The first DPA to recognise this as a problem, and to provide a solution to it, was the Spanish DPA. Since 2012, Spanish data processors are allowed to obtain authorisations for transferring data processed on behalf of their customers (data controllers) to sub-processors based outside the EU on the basis of a specific set of standard contractual clauses for processor-tosub- processor transfers, and a new procedure introduced by the Spanish DPA.

The new Working Document

So Working Document 01/2014 (copy available at is a first step on the road to eliminating the above described compliance headache, which is troubling many EEA based processors. In the Working Document, the Article 29 Working Party proposes a draft of a new set of contractual clauses dedicated to the international transfers of personal data from an EU data processor (data exporter) to a non-EU data sub-processor (data importer) and subsequent sub-processors (as applicable).

Undoubtedly, this demonstrates European data regulators’ awareness of the gap in the scope of the existing Model Clauses. The draft ad hoc clauses, if approved, will be published by the European Commission exercising its right under Article 26 (4) of the Directive. It is important to note that as they are just in a draft form and have not yet reached the necessary stage to become legally binding, they cannot currently be used to adduce adequacy of protection.

Approval of Microsoft cloud terms

Shortly after the publication of the draft ad hoc clauses, in April 2014, Microsoft publicised a letter that the company received from the Article 29 Working Party (accessible at which, in essence, stated that the new version of the ‘Enterprise Enrolment Addendum Microsoft Online Services Data Processing Agreement’ (‘the MS Agreement’) and its Annex 1 will be in line with the 2010 Set II EEA controller to non-EEA processor Model Clauses. The letter stated that the effect of this determination was that the MS Agreement should not be considered as ‘ad hoc’ clauses. This means that, according to the Article 29 Working Party, the MS Agreement has effect equivalent to the EU Commission’s approved clauses.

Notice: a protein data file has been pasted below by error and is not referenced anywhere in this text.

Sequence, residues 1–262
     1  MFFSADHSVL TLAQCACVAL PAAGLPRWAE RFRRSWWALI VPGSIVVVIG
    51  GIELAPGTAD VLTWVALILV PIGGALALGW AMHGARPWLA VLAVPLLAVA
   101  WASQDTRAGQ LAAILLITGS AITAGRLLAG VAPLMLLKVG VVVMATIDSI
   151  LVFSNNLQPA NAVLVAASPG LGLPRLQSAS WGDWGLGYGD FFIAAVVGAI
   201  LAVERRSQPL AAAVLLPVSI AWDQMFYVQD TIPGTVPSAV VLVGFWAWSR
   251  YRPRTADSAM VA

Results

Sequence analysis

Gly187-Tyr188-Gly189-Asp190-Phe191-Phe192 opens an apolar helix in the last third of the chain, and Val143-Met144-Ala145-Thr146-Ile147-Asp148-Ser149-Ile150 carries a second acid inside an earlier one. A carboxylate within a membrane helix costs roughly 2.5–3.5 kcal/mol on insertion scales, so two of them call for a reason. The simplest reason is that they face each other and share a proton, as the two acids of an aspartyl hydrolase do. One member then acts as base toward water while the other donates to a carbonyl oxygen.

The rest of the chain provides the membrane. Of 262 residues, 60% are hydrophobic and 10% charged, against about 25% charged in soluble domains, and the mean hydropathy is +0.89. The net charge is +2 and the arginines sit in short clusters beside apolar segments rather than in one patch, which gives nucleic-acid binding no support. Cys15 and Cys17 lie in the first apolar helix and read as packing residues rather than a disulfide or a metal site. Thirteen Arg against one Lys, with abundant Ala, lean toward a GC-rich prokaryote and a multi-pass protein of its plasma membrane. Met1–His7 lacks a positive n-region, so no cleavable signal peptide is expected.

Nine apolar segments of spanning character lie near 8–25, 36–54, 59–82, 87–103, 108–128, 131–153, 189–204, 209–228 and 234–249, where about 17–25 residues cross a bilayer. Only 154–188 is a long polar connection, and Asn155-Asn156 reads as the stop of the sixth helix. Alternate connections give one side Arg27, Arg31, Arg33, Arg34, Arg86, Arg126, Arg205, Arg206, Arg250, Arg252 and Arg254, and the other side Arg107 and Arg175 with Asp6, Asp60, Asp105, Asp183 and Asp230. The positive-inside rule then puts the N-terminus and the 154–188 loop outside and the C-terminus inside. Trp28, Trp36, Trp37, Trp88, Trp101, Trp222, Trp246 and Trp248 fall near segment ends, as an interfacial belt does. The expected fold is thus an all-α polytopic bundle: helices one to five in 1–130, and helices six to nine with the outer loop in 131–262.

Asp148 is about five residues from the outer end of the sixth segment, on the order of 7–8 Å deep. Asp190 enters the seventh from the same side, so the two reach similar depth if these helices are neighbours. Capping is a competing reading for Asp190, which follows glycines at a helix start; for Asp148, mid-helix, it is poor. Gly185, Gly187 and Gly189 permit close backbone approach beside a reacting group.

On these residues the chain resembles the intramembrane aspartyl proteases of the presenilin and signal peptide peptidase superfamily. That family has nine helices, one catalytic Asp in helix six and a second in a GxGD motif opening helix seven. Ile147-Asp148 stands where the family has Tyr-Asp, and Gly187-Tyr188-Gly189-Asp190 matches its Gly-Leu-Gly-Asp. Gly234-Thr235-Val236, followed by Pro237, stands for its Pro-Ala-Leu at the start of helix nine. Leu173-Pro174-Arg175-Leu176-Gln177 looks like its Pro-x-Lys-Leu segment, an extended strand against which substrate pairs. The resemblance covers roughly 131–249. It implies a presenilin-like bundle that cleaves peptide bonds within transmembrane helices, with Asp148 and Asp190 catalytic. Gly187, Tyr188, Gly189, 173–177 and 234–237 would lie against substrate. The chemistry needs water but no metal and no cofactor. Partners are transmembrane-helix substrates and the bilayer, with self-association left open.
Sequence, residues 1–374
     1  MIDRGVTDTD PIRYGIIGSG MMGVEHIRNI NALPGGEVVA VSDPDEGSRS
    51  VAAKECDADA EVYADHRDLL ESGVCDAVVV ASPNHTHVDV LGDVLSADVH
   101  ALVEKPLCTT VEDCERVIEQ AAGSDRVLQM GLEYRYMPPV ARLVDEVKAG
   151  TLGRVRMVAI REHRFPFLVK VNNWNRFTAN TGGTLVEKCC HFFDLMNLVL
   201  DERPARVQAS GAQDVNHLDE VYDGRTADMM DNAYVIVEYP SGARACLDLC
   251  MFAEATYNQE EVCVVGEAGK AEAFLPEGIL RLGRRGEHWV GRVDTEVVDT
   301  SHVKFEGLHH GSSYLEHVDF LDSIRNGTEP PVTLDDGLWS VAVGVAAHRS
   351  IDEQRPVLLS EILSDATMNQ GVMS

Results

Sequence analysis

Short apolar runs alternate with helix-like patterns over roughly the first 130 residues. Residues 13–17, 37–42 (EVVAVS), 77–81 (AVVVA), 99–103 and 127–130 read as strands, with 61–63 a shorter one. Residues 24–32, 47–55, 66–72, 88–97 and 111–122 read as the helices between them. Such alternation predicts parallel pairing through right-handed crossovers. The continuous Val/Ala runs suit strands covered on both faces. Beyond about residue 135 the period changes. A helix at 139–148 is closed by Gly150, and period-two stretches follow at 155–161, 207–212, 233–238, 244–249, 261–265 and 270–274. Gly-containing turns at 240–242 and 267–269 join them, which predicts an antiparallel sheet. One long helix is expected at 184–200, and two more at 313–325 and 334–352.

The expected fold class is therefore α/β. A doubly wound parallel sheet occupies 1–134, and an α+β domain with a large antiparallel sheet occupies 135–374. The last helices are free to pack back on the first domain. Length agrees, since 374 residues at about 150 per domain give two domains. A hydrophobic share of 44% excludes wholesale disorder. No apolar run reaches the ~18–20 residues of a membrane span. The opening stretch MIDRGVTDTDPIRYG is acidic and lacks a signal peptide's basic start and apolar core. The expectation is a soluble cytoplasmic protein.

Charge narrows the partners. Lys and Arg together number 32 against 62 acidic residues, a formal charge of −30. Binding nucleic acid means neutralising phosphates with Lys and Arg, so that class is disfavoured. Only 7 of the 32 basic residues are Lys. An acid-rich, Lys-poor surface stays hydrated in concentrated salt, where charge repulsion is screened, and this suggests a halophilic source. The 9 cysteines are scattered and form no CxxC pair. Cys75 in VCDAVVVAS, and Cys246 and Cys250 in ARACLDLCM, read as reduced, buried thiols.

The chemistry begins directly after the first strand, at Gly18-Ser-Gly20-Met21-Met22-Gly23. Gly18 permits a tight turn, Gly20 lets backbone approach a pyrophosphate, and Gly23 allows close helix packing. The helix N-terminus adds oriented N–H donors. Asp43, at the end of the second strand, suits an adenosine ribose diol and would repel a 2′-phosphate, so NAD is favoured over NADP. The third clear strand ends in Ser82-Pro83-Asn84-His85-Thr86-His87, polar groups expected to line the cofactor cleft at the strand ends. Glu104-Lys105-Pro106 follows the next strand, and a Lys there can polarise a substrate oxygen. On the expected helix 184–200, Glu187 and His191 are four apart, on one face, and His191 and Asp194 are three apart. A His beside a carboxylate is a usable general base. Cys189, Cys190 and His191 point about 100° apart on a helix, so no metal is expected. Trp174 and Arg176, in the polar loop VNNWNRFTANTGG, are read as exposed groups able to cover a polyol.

The MS Agreement has not as yet been made public, so it is difficult to assess how different it is from the existing 2010 Set II clauses. It is worth remembering that the EU Commission’s Model Clauses cannot be modified, but can have commercial clauses added or be part of a larger contract. Taking into account that Microsoft’s clientele includes large organisations which are likely to want to negotiate the provisions of the MS Agreement, it remains unclear to what extent the national DPAs will tolerate any amendments.